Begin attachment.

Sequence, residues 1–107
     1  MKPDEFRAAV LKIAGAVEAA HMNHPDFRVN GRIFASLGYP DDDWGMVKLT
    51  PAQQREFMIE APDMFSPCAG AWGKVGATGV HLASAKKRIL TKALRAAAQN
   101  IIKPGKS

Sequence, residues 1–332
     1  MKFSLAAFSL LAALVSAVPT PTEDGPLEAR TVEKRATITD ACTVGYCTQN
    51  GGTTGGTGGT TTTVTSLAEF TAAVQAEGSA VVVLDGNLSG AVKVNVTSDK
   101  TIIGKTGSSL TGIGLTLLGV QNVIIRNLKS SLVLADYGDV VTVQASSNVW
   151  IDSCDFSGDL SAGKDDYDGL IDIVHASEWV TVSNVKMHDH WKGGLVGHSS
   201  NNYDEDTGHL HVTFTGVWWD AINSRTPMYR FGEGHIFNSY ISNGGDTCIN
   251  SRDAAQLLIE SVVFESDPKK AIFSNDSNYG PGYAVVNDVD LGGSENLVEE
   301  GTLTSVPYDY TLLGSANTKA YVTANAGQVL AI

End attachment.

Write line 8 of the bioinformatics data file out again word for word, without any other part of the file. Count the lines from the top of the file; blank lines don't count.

   101  TIIGKTGSSL TGIGLTLLGV QNVIIRNLKS SLVLADYGDV VTVQASSNVW